Theories clash on cause of Oak Island shark attacks

Jack Cross, 9, watches as a boat patrols the coastline near Ocean Crest Pier in Oak Island on Monday, a day after two young people lost limbs in separate shark attacks.
Jack Cross, 9, watches as a boat patrols the coastline near Ocean Crest Pier in Oak Island on Monday, a day after two young people lost limbs in separate shark attacks. AP

Experts are divided on what might have caused two shark attacks within a 90-minute period at this family resort known for peaceful living.

Helicopter and beach patrols are to end Wednesday, authorities said, after no unusual sightings were reported since Sunday afternoon’s attacks on two young beachgoers about 2 miles apart. Both lost arms while attacked in waist-deep water.

While sharks are common in the waters off Oak Island – and every other beach in the Carolinas – attacks on humans are rare. Authorities believe the last attack on Oak Island, a 9-mile strand west of Wilmington, was in the 1970s.

On Sunday, Kiersten Yow, 12, of Archdale, and Hunter Treschel, 16, of Colorado Springs, Colo., both lost part of their left arms in the attacks. Three days earlier, a 13-year-old girl was bitten by what was believed to be a shark about 20 miles west on Ocean Isle Beach.

George Burgess, a fisheries biologist with the Florida Museum of Natural History who maintains the International Shark Attack File at the University of Florida, said two attacks so close together in time and distance suggests a single shark was involved.

If so, it would only be the third time in his 40 years of research that such a rogue shark case occurred, he said. One case was confirmed in Egypt and evidence points to another off the Florida panhandle.

“Of course, it doesn’t make a whole lot of difference because both of those kids are minus an arm,” he said.

That’s another rarity in Sunday’s attacks – the severity of the wounds. Most human injuries from sharks are mere bites.

Burgess said the shark might have been attracted to sea turtle nests along Oak Island. “Turtles are like potato chips to sharks to feed on,” he said.

Suspects two sharks

One of North Carolina’s foremost shark experts is Frank Schwartz, who has been involved in catching, tagging and releasing them for 60 years. “And I’m still working,” said Schwartz, 85, a marine zoologist at UNC’s Institute of Marine Sciences in Morehead City.

Sunday’s attacks were likely a rare coincidence, Schwartz said Tuesday, but probably involved different sharks. They may have been feeding on a school of bluefish, which were running in the area Sunday, and mistakenly attacked swimmers in the turbid surf.

Schools of sharks are known to cluster in good feeding grounds, he said. In 1981, beaches were closed around Morehead City for three days when thousands of migrating sharks were feeding close to shore, he said, endangering swimmers.

“There may have been bait there they were feeding on,” he said, and mistook the splashing swimmers for fish. “People were in the wrong place at the right time.”

Coincidental factors

Paul Barrington, director of operations for the N.C. State Aquarium at Fort Fisher, said he believes a combination of factors may have led to the attacks: rich feeding grounds fed by the Cape Fear estuary, a growing number of sharks because of conservation efforts and the density of beachgoers at the start of the tourist season.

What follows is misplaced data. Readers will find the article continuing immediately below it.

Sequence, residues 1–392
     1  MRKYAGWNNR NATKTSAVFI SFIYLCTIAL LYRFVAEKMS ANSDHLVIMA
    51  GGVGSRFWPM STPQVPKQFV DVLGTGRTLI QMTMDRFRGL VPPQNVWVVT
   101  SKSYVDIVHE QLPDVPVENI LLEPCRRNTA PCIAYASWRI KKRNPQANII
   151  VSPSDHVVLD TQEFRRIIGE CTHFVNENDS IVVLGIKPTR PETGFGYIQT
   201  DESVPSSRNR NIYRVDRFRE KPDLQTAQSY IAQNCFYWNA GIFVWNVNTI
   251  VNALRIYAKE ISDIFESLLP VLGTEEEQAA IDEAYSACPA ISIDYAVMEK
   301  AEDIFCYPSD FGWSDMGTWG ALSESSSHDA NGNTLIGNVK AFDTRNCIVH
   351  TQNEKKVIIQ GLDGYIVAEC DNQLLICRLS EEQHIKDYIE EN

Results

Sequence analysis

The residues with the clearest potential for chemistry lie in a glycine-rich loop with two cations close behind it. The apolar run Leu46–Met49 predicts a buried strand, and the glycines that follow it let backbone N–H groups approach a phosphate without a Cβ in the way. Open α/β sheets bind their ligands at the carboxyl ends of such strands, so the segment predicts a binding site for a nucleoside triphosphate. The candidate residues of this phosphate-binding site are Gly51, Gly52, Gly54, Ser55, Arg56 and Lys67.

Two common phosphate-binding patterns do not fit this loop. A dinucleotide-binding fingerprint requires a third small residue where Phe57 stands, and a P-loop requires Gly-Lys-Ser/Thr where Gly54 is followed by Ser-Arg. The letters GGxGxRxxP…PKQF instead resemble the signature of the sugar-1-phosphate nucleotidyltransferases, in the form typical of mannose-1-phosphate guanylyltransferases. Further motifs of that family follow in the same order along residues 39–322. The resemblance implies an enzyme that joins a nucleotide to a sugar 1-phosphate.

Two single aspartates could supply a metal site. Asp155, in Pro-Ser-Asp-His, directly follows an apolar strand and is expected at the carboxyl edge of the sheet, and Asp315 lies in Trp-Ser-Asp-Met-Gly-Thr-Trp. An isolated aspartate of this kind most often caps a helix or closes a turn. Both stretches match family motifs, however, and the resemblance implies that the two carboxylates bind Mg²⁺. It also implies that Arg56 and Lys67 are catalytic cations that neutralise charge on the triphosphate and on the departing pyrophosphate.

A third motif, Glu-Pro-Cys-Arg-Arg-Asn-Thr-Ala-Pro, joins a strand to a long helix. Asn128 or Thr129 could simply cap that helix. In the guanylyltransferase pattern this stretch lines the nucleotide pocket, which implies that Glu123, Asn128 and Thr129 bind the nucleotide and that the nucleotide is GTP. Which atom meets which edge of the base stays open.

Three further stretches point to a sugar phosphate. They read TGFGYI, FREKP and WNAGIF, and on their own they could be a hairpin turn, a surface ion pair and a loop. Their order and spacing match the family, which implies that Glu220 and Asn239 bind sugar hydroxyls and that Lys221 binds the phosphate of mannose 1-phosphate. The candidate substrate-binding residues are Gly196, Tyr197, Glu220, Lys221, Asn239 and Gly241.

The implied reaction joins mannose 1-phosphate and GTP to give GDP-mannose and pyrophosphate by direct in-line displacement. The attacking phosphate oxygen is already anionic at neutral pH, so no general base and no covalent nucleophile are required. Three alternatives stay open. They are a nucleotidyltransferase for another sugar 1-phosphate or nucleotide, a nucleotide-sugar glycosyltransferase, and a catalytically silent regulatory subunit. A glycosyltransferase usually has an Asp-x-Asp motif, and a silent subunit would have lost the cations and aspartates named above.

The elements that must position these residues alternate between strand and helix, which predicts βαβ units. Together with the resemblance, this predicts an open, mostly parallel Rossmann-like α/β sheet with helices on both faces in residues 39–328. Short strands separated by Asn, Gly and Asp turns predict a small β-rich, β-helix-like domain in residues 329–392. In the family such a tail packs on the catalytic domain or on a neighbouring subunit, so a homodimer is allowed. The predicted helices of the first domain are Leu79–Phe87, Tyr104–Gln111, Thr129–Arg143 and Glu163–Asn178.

“Speculation about a single rogue shark is a very remote possibility based on the large population of sharks along the coast,” said Barrington, who has 40 years of aquarium management. “It was probably two different sharks.”

But without carefully examining the lacerations and possibly recovering shark teeth from the sites of the attacks, it would be impossible to know whether a single animal was involved, he said.

Back to normal

A few tiger sharks had been spotted since the attacks, but that’s not out of the ordinary, said Tim Holloman, town manager of Oak Island, whose permanent population of 6,500 is swelling to its seasonal peak of 30,000.

“It’s getting back to business as usual,” Holloman said. “We’re telling people to be cautious and have a good time.”

He said the town hopes to never see a recurrence of what happened Sunday.

Hubert Reaves, born and raised in nearby Bolivia, said he has been drawn to the shore for all his 69 years.

“We can’t control this ocean,” Reaves said, looking at the calm surf. “We don’t know what's out there.”

Washburn: 704-358-5007

Carolinas shark attacks

There have only been a few dozen shark attacks recorded off the Carolinas since 1935, according to the International Shark Attack File, a registry maintained by the University of Florida.

North Carolina has reported 52 shark attacks with three fatalities, the last in 2001. New Hanover County beaches account for 13 of those attacks and Brunswick County for 10, including one fatality. Brunswick County’s last shark bite was believed to have occurred in the 1970s.

South Carolina has reported 82 shark attacks, two of them fatal and both off Charleston. Coastal waters near Charleston account for 30 attacks and the waters off Horry County, where the popular resort Myrtle Beach is located, have had 29. Charleston’s earliest fatal shark attack was recorded in 1852.

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